14. Cool read norseman, I recall seein' a tv program in which chimps when sick would go out an search for particular plants to eat as medicine, so that our earlier kin did somethin' similar is expected. Cool that they found it though. Found this interestin' read... Date: 17 January 2002 Animal instinct Why do chimps chew on leaves that they clearly find revolting? And why do elephants risk death to extract rocks from a mountain cave in Kenya? Perhaps they know something we don't about staying healthy, says Jerome Burne Jerome Burne Guardian The field researcher watching a couple of chimpanzees in Gombe national park in Tanzania noticed something odd. One of them, known as Hugo, had left the path and started picking at the leaves of a plant called Aspilia rudis. The shrub was not part of chimpanzees' usual diet, unsurprisingly since its leaves are rough, sharp and extremely nasty to eat. Yet Hugo had not only sought it out but he'd also eaten the leaves in a particular way, carefully folding them up concertina-style and holding them briefly in his mouth before swallowing. From the way he was grimacing, it looked just as if he was taking an old- fashioned medicine. That observation in 1972 was to lead to a whole new way of thinking about animals and their health. At the time the notion that animals might be deliberately treating themselves with natural medicines was beyond the scientific pale. It's true there was no shortage of anecdotes about animals using herbs to cure themselves, cultures as far apart as China and ancient Rome have them and all pet owners know about cats and dog eating grass when they're sick. But until very recently, scientists dismissed such reports as romantic anthropomorphism. But, gradually, the researchers in the Gombe began to gather evidence to show that something very deliberate was going on. They found that Aspilia leaves were used by local herbalists for stomach upsets and that they contained chemicals which were both antibacterial and attacked gut parasites. What's more, other chimps were seen occasionally eating from 19 other plants that also had rough leaves, in the same way. The leaves were excreted whole and, when examined closely, tiny nodular worms that infect the gut could be seen wriggling on the barbs on the leaf surface. This is just one of dozens of examples of animals actively taking care of their health featured in a fascinating new book, Wild Health: How Animals Keep Themselves Well and What We Can Learn From Them. Far from self-medication being romantic nonsense, author Cindy Engel, of the Open University, shows that most animals routinely use a variety of techniques to deal with injury, infection, parasites and biting insects. They use plants, earth and even insects in ways that aren't just about getting energy or nutrients but are specifically aimed at keeping themselves and their offspring healthy. The implications are huge. Not just for how we should look after domestic and farm animals but for what we need to stay healthy ourselves. Compared with their domesticated counterparts - sheep, for example need seven de-worming treatments a year - surveys have found wild animals are remarkably healthy, muscled and lean, with few parasites. Significantly, they have often been infected with diseases that devastate domesticated animals without showing any ill effects - wild boar with swine fever or wild deer with tuberculosis. The farmers' understandable response is to shoot the wild "carriers", a more far-sighted view, suggests Engel, would be to discover just how wild animals generally stay so disease-resistant. Just as we don't usually take aspirins unless we have a headache, so animals tend to avoid medicinal plants unless they need them. At the Awash falls in Ethiopia, for example, there are two baboon populations, one above and one below. The tree Balanites aegyptiaca, the fruit of which is used by the locals as a de-worming treatment, grows in both areas. But it is only the lower baboons, which are exposed to a parasite spread by water snails, eat it. But plants aren't the only source of medicinal substances. There's a cave on the side of Mount Elgon, an extinct volcano in western Kenya, which has been mined by generations of elephants. It's estimated they have taken 5m litres of rock in the last 2m years. Access to it is tricky, but the animals are willing to risk death to get there. The bones of those who didn't make it line the trail. Once inside they dig out the soft rock with their tusks, grind it with their teeth and then swallow it. The rocks contain 100 times more sodium than they can get from the plants they normally eat, as well as being rich in potassium and calcium. Sodium is vital for all metabolic processes, especially for handling the toxins which are an inevitable part of a plant diet - an estimated 40% of plants contain some sort of defensive chemicals. This sort of preventative medicine can take a rather shocking turn. In the Shetlands and on the Isle of Rhum in the Hebrides the soils are poor and lack these nutrients, so the sheep and deer have discovered a novel source. They bite the legs off the living chicks of the local nesting sea birds to get at the minerals in their bones. Many animals also eat clay, which is not only an effective way of binding and excreting various toxins but, by lining the gut, it can treat gastrointestinal problems. Native people often mix clay with tannin-rich foods such as acorns before cooking them (tannins are bitter chemicals produced by plants as a defence but they are also active against bacteria and fungi). A type of clay regularly mined by mountain gorillas in Rwanda is very similar to the kaolin sold in chemists for relief of upset stomachs. Another good source of clay are termite mounds, and chimpanzees are often seen breaking off chunks of soil from them. In one close study of five chimps seen eating termite soil, all were found to be suffering from gastrointestinal problems. Most animals are plagued by small biting insects such as fleas, lice, mites, ticks and various parasites which can drain blood and inhibit growth, so they have developed a variety of ways to deal with them. Monkeys, apart from constant grooming, also rub themselves with soothing plants and even insects. Capuchins in Costa Rica, for instance, use the Piper plant, from the chilli family, which contains compounds that deaden pain and kill off insects. Catnip probably does something similar for cats. Capuchins also rub their fur with millipedes, which make toxic chemicals known as benzoquinones that keep other insects away, as well as killing bacteria. Birds do something similar with a technique called "anting". They lie out on an anthill and encourage the ants to crawl into their feathers because they secrete formic which can kill lice, mites and bacteria. But the use of nature's pharmacy isn't all serious Engel has come up with some controversial evidence that many animals and birds simply like getting stoned. Certainly elephants can detect the fermenting fruit of the marula tree from 10kms and will coming running for it. The Bohemian waxwing has a taste for rowan berries that have begun to ferment. The birds are often found in heaps, dead on the ground, having fallen off their perch. Postmortem examinations show they were drunk when they died and that they had acute alcoholic liver disease. So why do they do it? There is evidence to suggest that elephants drink to relieve stress - just like the double Martini executive. Elephants given access to alcohol drank twice as much when their stress levels were raised. A more prosaic explanation is that alcohol is a good source of calories and if times get hard, then it makes sense to stock up on fuel. Such an explanation doesn't work for the attraction that hallucinogenic plants seem to have for a variety of species. Jaguars, for instance, have been seen gnawing at the bitter ayahuasca vine used by Amazonian shaman, while bighorn sheep in the Canadian Rockies take great risks to get at a narcotic lichen. Engel's highly speculative suggestion is that animals' brains and, by implication, ours may benefit from an occasional boost from these potent neurochemicals. Whether or not we all need the odd bite of peyote is far from clear. What is certain is that our hominid ancestors ate a far more varied diet than we do. It was a diet that would seem very bitter and astringent to us but was filled with a huge range of potent chemicals, many of which would have been effective against parasites and pathogens. While chimpanzees are known to eat 123 different plant varieties in a year, even the most health-conscious westerner rarely consumes more than 20 or 30. Seventy five percent of our global food supply comes from just 12 crops. But while we would undoubtedly benefit from adopting a much wider diet and could learn lessons from animals about avoiding antibiotic resistance, there are some self-medicating techniques which will never catch on. Anyone for licking wounds or a daily anointing with urine? Wild Health: How Animals Keep Themselves Well and What We Can Learn From Them is published by Weidenfeld and Nicolson at £20. Jerome Burne is the editor of the monthly newsletter Medicine Today.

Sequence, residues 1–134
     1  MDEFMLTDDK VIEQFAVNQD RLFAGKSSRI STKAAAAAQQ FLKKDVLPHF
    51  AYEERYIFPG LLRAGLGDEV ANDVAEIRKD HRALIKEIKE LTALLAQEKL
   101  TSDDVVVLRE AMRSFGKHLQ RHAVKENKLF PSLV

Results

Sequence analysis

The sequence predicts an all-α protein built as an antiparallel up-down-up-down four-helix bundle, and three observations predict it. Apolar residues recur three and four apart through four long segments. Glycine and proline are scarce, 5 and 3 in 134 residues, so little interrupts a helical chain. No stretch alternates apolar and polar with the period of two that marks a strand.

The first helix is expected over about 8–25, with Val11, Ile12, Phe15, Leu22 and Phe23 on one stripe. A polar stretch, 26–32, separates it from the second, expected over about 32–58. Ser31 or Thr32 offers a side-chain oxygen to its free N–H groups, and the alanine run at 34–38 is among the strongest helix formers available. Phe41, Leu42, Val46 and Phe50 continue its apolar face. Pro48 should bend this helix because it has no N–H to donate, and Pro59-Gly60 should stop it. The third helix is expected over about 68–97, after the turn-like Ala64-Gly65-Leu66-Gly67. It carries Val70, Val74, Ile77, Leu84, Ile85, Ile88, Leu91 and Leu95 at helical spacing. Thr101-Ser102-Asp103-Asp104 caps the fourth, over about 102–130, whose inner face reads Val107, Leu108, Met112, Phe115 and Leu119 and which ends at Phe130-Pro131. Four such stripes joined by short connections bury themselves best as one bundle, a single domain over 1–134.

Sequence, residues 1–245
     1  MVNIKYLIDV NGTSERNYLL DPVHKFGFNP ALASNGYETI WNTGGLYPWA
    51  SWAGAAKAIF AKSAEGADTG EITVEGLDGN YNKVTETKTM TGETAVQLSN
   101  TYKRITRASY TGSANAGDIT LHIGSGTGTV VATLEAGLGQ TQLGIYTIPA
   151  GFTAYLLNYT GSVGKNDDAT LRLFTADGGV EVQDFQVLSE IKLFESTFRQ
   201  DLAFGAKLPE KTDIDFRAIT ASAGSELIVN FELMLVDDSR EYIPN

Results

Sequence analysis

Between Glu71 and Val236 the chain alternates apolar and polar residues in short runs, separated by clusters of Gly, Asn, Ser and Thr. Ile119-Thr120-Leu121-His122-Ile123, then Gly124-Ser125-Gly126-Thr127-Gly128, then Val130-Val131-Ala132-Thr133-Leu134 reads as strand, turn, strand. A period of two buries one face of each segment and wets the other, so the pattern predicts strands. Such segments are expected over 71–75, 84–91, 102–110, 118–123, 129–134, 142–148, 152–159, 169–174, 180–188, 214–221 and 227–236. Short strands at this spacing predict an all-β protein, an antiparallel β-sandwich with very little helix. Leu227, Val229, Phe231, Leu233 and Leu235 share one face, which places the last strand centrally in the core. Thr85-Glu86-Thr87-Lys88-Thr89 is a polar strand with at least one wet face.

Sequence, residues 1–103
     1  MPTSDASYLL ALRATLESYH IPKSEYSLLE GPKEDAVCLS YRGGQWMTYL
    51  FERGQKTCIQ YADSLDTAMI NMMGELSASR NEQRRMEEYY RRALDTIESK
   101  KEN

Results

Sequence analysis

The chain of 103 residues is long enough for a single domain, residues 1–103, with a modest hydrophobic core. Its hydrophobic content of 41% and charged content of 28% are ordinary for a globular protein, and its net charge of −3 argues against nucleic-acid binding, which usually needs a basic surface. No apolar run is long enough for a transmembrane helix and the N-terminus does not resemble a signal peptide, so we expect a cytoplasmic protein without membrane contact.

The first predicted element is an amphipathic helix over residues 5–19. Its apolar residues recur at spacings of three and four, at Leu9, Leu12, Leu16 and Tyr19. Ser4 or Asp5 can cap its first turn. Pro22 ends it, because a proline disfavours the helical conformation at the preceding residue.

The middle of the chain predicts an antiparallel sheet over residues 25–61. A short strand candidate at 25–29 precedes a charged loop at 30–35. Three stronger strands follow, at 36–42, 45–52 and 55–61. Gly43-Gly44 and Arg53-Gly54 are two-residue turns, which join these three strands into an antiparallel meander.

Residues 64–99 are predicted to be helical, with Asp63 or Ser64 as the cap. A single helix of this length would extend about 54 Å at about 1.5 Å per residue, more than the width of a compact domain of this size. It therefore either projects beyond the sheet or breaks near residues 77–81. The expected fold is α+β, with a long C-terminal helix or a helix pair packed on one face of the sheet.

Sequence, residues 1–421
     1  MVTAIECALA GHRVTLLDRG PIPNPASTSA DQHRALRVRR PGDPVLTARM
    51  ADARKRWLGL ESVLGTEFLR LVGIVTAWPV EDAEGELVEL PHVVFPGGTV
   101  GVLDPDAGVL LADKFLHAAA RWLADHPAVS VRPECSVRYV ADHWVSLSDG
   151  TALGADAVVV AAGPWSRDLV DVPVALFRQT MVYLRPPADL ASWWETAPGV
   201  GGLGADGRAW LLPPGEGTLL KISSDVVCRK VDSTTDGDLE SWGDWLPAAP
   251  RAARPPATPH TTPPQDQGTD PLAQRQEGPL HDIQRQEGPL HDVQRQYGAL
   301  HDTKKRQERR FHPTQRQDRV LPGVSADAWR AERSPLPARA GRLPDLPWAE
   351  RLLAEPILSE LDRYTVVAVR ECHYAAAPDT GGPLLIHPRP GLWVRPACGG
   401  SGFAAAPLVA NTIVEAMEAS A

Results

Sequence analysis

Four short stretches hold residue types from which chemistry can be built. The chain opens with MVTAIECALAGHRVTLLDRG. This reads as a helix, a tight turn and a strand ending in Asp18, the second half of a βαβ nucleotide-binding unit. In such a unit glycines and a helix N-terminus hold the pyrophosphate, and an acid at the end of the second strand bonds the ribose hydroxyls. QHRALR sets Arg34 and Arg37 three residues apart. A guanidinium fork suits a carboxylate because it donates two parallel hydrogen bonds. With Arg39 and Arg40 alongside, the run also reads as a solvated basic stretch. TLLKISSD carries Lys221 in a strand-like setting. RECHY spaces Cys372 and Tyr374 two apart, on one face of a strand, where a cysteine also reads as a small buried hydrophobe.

15. Maybe ? http://www.bigfurmovie.com/ This one runs on a bit long, but gives a few different angles/views. Nother shot of it.